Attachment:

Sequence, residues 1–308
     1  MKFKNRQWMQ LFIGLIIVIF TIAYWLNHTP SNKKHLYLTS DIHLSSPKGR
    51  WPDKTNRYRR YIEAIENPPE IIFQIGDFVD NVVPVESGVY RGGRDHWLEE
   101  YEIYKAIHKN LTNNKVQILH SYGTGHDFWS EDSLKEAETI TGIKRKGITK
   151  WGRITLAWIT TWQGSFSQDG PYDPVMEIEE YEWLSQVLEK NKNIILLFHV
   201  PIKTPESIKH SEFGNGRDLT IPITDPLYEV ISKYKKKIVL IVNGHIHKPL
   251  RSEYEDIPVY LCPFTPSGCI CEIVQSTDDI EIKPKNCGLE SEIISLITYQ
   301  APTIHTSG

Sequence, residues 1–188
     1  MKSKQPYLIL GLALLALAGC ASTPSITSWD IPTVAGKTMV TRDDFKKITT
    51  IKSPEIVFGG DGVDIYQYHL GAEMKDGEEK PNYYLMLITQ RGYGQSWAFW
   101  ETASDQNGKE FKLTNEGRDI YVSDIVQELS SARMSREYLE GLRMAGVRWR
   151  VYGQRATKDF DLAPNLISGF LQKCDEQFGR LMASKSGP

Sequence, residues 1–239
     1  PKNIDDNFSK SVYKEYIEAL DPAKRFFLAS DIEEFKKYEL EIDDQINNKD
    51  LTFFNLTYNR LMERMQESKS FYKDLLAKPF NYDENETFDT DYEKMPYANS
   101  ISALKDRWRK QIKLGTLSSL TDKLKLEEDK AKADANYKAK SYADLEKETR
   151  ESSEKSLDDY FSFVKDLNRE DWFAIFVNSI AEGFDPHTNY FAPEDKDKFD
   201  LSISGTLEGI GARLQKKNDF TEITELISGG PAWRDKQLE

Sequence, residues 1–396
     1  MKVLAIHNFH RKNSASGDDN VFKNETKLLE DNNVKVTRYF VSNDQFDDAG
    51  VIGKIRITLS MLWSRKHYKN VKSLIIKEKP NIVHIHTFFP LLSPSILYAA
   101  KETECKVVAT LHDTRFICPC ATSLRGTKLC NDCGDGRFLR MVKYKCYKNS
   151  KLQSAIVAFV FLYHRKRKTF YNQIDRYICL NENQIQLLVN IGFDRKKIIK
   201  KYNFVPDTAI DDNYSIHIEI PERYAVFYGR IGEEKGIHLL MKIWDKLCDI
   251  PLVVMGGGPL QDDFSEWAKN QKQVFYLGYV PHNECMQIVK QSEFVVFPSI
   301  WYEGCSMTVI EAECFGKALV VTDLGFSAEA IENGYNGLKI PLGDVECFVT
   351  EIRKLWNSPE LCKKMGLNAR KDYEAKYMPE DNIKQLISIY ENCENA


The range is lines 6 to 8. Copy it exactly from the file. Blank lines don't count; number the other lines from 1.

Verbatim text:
   201  PIKTPESIKH SEFGNGRDLT IPITDPLYEV ISKYKKKIVL IVNGHIHKPL
   251  RSEYEDIPVY LCPFTPSGCI CEIVQSTDDI EIKPKNCGLE SEIISLITYQ
   301  APTIHTSG